Anita Gurumurthy is a founding member and executive director of IT for Change where she leads research and advocacy on data and AI governance, platform regulation, and feminist frameworks on digital justice. Anita contributes regularly to academic and media spaces. She serves as an expert on various bodies including the United Nations Secretary-General’s 10-Member Group on Technology Facilitation and the Council of the Platform Cooperativism Consortium at The New School – New York. She has been on the Paris Peace Forum’s working group on algorithmic governance. Anita is also a board member of global justice organizations such as the ETC Group and Focus on the Global South, and university centers such as the Minderoo Tech & Policy Lab at the University of Western Australia, and International Development and Social Change program of Loughborough University.
Aakrit Vaish is the Co-founder & CEO of Haptik, a pioneer in the conversational AI industry. The platform processes more than 2 billion interactions annually and is now one of the top 5 globally. Haptik's AI chatbot was responsible for powering India's official WhatsApp COVID-19 helpline used by more than 50 million citizens, as well as Jio Mart on WhatsApp, the world's first end-to-end conversational commerce solution. Aakrit is an angel investor in more than 80 startups In India, and is the founder of the Tech Entrepreneurs Association of Mumbai (TEAM), a non-profit organization consisting of Mumbai's leading companies with a mission to advance the city's startup ecosystem. Aakrit has been nominated to lists including Forbes India's 30 Under 30, Entrepreneur 35 under 35 and Business World 40 under 40. In 2023, Aakrit has been selected as a World Economic Forum Young Global Leader (YGL).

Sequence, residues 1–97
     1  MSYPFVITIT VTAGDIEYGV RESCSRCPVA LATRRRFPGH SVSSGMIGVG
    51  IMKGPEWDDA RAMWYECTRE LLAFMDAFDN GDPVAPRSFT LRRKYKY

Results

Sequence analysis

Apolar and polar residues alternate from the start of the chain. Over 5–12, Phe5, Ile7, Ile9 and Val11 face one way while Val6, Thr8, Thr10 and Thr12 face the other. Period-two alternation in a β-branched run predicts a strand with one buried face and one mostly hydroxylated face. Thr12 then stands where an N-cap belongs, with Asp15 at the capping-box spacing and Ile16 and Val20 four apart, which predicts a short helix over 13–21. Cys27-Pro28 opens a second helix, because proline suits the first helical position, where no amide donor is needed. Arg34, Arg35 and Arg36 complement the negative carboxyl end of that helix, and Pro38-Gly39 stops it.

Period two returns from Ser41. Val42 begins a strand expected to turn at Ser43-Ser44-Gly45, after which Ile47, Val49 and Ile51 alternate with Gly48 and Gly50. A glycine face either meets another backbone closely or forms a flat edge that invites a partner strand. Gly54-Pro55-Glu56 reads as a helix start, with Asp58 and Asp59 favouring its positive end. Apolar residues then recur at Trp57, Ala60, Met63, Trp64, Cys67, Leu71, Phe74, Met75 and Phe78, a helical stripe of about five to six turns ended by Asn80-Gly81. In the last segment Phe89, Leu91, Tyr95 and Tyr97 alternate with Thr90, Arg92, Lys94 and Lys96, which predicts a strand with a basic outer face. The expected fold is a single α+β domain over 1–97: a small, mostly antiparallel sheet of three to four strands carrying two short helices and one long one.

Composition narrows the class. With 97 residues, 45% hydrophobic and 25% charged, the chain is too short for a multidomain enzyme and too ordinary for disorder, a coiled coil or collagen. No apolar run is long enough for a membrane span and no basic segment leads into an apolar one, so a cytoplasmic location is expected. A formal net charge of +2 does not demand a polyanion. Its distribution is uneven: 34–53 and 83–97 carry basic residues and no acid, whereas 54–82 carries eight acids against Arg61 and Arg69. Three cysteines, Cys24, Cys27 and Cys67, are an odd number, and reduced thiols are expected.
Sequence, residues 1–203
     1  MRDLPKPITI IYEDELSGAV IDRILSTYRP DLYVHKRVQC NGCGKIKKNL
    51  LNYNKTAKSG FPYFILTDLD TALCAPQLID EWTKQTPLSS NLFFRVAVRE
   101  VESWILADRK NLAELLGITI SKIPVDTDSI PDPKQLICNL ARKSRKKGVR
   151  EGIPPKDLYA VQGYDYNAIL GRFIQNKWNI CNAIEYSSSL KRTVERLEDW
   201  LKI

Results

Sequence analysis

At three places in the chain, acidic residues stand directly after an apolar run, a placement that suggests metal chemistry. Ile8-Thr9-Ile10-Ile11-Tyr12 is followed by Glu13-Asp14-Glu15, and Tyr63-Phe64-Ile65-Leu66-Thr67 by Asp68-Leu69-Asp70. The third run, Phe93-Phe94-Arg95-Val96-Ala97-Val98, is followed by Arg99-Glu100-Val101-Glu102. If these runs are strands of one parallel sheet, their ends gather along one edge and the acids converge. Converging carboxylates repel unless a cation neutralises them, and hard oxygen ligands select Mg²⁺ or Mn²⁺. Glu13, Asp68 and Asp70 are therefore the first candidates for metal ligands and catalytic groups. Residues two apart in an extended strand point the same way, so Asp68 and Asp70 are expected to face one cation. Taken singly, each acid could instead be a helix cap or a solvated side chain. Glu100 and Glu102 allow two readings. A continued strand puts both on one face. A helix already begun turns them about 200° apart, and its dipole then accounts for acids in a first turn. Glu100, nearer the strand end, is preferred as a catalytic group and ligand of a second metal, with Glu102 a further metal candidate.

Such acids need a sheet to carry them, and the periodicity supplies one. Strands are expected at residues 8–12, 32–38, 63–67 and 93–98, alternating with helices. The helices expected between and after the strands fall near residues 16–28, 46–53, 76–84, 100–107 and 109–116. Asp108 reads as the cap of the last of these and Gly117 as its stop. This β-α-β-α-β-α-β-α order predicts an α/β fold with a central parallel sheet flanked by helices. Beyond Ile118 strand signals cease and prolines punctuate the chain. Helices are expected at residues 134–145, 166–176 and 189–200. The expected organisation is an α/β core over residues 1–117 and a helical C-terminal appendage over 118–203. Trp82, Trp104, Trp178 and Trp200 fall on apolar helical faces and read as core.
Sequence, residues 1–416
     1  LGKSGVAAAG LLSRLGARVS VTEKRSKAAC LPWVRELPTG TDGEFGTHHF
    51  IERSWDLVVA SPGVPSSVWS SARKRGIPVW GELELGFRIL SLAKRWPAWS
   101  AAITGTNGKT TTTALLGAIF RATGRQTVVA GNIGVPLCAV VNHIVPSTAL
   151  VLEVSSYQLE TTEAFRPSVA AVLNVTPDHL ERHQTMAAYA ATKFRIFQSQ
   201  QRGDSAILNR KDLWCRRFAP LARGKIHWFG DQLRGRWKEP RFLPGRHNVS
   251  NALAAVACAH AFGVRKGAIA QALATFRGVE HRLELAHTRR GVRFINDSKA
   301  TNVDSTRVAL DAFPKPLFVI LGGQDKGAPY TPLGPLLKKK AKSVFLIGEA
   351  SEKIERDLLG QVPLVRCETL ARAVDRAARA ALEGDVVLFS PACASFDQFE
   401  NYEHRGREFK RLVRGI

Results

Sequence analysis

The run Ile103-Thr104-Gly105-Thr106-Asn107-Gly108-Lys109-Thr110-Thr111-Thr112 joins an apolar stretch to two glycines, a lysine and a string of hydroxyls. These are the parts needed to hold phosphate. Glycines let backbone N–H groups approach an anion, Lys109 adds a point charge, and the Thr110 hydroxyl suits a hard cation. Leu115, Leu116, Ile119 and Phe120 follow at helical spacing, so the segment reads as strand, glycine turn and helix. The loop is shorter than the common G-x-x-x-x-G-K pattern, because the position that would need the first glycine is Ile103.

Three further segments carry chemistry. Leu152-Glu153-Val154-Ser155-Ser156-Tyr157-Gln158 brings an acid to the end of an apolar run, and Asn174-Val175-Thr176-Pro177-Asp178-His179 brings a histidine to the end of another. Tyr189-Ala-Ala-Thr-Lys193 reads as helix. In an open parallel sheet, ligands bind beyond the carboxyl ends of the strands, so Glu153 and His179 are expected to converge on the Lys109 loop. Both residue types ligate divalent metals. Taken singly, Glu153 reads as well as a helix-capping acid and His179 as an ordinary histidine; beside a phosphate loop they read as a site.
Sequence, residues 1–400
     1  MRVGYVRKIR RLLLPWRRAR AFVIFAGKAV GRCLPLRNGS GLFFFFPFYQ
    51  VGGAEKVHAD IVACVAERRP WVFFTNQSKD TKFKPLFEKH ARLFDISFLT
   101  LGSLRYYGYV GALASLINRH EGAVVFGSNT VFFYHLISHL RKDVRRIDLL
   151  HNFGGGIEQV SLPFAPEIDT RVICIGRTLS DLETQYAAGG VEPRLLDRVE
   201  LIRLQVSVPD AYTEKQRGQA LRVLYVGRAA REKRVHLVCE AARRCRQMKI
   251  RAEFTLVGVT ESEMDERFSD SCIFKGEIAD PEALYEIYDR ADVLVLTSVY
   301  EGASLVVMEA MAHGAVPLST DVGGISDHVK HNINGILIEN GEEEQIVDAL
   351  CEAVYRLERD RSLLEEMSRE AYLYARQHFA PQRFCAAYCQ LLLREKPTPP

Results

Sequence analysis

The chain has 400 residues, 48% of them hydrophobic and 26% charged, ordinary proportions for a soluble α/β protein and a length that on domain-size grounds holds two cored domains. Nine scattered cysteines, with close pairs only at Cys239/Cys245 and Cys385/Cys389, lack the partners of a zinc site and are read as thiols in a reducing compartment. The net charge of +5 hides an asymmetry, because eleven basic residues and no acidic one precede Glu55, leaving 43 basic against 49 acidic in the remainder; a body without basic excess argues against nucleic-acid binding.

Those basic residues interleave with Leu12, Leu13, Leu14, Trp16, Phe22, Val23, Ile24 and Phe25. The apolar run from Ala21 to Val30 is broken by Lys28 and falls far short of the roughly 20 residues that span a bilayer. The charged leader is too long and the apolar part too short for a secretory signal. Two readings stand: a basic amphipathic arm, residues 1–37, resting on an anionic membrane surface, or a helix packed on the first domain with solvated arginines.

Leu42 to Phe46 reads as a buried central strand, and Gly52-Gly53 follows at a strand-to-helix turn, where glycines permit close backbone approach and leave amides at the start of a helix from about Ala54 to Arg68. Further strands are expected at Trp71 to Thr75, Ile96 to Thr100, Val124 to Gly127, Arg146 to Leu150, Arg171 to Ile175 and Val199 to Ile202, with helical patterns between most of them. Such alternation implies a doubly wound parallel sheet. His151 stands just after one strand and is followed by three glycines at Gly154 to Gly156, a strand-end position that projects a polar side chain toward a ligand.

Karthik Reddy co-founded Blume Ventures in 2011, along with Sanjay Nath. He has shaped Blume’s investment approach and philosophy over the years, and in turn has overseen investments in some of Blume’s leading portfolio companies such as Servify, Belong, Exotel, Grey Orange Robotics, Unacademy, HealthifyMe and Railyatri. Karthik’s stints at American Express, Reuters Instinet and The Times of India Group have given him a breadth of experience across the US and India in financial markets, technology and media. He is an alumnus of IIT Roorkee, IIM Bangalore and the Wharton School at the University of Pennsylvania.
Anirudh Suri is a venture capitalist, technology entrepreneur and policy advisor. His interests lie at the intersection of climate, technology and geopolitics, and he is committed to helping India and Indian startups cement their space in the global tech ecosystem. He is currently the Managing Partner at India Internet Fund, a technology-focused venture capital fund based in India and the U.S. Previously, he has worked with the government of India in Delhi; McKinsey and Company in New York; the Carnegie Endowment for International Peace in Washington DC; and Goldman Sachs in London. He is the author of ‘The Great Tech Game’ (HarperCollins, 2022). He has written extensively on foreign policy, geopolitics, national security, technology and entrepreneurship in publications such as the Indian Express, The Seminar, Hindustan Times, Foreign Policy, The New Republic, and Asia Times. He also served as the Founding Editor for the Carnegie Endowment’s journal on South Asia, South Asian Perspectives.